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Advice from Isolation: Veronica Fury on building a business

The lessons learned journeying from a sole trader to partner in a company that produces 130 hours of TV and feature documentaries every year.

Hating Peter Tatchell, Veronica Fury, EllaHating Peter Tatchell, Veronica Fury, Ella

As we #StayHome to help combat COVID-19, members of the Australian screen sector share their career learnings in the Advice from Isolation series. Subscribe to Screen Australia’s newsletter for additions to the series.

As I sit at home now working in isolation – far away from the hustle of my Brisbane office – I am acutely aware that I have come full circle. That this is where it all began. It’s where in 2005, having just graduated from Griffith University after eight long years of studying as a mature age student, I made the fateful decision to be a home-based independent producer.

There were other opportunities around, with an offer for paid work as a researcher at Network Ten’s documentary department and a production assistant role at Big Island Pictures where I had interned. But back then I was a single mum of four (I’m now a nana) and was managing a chronic health condition (still do), so it seemed easier and offered me more flexibility to set up shop and work from home (Ha! Who was I kidding?). Subsequently Fury Productions was born in the front room of my 100-year-old Queenslander – with just me as a sole trader, and a big dream to be an active, working successful producer. A real producer!

Jump to where I am now - to having over 60 screen credits to my name and being an active partner in WildBear Entertainment, an established factual production company producing around 130 to 150 hours of commissioned TV series and feature documentaries every year. We have offices in three states and employ over 120 people. Some of my recent shows include a feature documentary for Netflix and MIFF called Iron Fists and Kung Fu Kicks and six-part documentary series Demolition Down Under for Network Ten and Discovery. Upcoming projects include a soon to be announced feature documentary for Universal Pictures and ABC TV; the 12-part series for BBC Scottish Vets Down Under (you can guess what that’s about); a 10-part series for ZDF called Just Animals (you can also guess what that’s about); and a Screen Australia, Screen Queensland and MIFF-funded feature documentary called Hating Peter Tatchell. The team have just interviewed Stephen Fry and Sir Ian McKellen for it, so one could say that I am now really living that dream!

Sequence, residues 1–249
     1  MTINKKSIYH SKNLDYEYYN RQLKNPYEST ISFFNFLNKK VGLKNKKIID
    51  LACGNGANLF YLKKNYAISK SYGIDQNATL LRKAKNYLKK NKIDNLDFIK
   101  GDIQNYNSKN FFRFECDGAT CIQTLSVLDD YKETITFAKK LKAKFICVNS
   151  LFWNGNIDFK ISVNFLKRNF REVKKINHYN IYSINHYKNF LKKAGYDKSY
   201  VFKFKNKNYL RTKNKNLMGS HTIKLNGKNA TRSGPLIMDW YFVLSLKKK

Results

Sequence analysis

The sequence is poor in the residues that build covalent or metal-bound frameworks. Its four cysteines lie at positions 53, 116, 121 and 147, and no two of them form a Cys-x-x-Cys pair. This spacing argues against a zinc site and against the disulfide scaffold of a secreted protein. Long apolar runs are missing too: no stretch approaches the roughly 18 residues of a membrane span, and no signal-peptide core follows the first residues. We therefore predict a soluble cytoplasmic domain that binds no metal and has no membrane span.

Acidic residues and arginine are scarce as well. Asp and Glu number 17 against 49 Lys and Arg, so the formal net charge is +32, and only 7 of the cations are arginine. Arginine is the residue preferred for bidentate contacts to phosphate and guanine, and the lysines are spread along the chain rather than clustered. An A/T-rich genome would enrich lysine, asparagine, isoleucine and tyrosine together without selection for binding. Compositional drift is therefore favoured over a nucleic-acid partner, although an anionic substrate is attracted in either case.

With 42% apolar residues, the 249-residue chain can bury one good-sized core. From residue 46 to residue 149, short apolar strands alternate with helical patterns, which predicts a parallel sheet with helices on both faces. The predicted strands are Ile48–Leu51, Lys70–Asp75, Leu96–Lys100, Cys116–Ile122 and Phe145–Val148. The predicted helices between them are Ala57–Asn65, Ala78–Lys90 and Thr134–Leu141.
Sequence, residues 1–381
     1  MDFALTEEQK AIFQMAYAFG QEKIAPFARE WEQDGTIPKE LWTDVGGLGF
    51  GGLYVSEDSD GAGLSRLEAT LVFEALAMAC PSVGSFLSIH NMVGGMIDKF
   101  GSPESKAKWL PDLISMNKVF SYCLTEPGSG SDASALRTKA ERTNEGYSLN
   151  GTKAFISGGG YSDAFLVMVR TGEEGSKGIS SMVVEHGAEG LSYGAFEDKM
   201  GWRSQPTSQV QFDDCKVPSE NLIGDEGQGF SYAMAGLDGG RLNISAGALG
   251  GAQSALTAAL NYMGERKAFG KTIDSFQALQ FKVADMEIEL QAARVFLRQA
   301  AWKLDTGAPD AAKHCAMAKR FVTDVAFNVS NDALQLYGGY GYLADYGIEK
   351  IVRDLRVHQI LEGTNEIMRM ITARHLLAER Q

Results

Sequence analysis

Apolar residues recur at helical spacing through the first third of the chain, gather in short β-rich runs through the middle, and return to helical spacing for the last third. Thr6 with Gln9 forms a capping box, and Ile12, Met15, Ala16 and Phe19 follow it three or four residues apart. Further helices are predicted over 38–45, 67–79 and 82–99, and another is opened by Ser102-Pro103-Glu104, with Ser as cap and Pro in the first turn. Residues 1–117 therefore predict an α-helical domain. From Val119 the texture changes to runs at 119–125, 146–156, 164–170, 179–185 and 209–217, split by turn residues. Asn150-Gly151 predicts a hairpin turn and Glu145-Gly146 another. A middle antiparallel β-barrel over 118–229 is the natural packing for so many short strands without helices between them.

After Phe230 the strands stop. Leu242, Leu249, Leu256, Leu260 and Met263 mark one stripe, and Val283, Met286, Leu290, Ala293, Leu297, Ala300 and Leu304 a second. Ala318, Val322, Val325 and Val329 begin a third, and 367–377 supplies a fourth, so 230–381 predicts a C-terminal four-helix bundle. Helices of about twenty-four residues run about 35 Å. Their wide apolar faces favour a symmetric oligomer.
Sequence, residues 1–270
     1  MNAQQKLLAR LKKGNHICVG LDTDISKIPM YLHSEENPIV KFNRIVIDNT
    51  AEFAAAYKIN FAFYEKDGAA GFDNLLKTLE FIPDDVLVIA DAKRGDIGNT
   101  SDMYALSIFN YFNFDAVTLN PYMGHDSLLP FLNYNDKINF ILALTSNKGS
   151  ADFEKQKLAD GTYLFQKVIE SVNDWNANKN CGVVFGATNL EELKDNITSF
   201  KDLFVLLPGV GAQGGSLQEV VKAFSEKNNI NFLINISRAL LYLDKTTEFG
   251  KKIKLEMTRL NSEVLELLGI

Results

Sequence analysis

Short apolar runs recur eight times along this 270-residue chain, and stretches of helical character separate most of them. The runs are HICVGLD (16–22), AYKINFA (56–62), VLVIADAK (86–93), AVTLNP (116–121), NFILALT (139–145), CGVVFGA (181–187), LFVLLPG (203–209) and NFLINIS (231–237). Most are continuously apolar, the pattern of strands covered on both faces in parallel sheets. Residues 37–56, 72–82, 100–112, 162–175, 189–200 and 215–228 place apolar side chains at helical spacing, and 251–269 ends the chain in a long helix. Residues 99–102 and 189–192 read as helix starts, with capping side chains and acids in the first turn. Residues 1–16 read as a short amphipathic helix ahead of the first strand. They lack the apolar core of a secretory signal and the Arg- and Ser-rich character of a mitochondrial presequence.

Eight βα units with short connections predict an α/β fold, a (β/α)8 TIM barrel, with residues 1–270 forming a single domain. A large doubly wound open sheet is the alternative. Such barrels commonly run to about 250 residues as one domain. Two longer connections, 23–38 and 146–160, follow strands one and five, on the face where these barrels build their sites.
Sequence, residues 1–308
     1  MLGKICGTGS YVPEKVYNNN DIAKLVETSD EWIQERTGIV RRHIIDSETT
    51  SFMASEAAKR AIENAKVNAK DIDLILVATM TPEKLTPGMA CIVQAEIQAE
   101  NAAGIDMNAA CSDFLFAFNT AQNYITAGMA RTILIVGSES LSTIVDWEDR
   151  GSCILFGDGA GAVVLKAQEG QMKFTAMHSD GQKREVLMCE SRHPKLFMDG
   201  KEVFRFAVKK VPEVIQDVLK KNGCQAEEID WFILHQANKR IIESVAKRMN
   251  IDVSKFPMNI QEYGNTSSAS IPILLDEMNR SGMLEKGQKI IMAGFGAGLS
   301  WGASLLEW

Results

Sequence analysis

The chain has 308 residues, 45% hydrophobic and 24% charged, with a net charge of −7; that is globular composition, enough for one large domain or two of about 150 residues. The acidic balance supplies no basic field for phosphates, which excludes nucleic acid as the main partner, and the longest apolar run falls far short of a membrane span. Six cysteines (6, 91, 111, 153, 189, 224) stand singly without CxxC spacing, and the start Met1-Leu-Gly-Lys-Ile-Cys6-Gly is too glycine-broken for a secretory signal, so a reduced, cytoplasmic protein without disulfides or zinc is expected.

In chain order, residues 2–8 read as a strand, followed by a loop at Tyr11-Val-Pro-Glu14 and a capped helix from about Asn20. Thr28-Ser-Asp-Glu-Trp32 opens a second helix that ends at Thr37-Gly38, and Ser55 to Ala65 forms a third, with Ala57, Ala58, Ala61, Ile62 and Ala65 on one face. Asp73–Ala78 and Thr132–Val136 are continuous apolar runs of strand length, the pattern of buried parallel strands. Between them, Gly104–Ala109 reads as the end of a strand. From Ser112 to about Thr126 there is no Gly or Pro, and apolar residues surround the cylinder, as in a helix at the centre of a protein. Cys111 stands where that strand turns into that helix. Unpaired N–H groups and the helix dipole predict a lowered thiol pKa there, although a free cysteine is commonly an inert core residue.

But how did I get to where I am now? Well, it did not happen overnight. It has taken 15 years of the usual blood, sweat – and yes tears! But from the start I treated the whole journey as a real business – with a real business plan. I hadn’t spent all those years studying to not succeed. My dreams went onto paper and onto dream boards and started to become reality. I would have key goals, like get two shows funded this year, three the next etc. and earn over X amount of $. All this informed my day-to-day practice to develop and pitch shows. It drove me to focus my activities to succeed. I had a road map to follow with milestones to meet and goals to achieve. There’s nothing like a good KPI to keep you on track! Here are some key takeaways I learnt along the way:

Team Up

I had developed the early concept for a one-hour historical documentary called Black Soldier Blues at uni, and while attending the SPA Conference in the then named ‘Emerging Producer’ program I pitched it to SBS. SBS liked it, but asked me to team up with a more experienced company. It was not easy to let my film go – to lose control and ownership – but I had to be open to teaming up with key players to get the film up. Ultimately I got my first producer credit. And off the back of Black Soldier Blues, I got my next SBS show commissioned, The Glamour Game and hired an experienced producer to consult over the 2 x 1 hour series. I was on my way! In hindsight these first few films were critical to establishing my career pathway to where I am today. It was important to work with more experienced players in the beginning of my career in order to learn the ropes. Creative teaming and collaborations are critical, because the film and TV industry is big business – would you give a new graduate $1 million to make their first film? So don’t be afraid to team up – highlighting the word ‘up’ – it’s a pathway forward in your career! But it’s not just for early career producers. Over the years I’ve teamed up over and over again. Fury Productions successfully merged with Bettina Dalton’s company to become WildFury in 2011. We were successful Screen Australia Enterprise recipients, which then allowed us to grow 10 times over and we in turn merged with Michael Tear and Serge Ou from Bear Cage to become WildBear in 2014. What a wonderful team!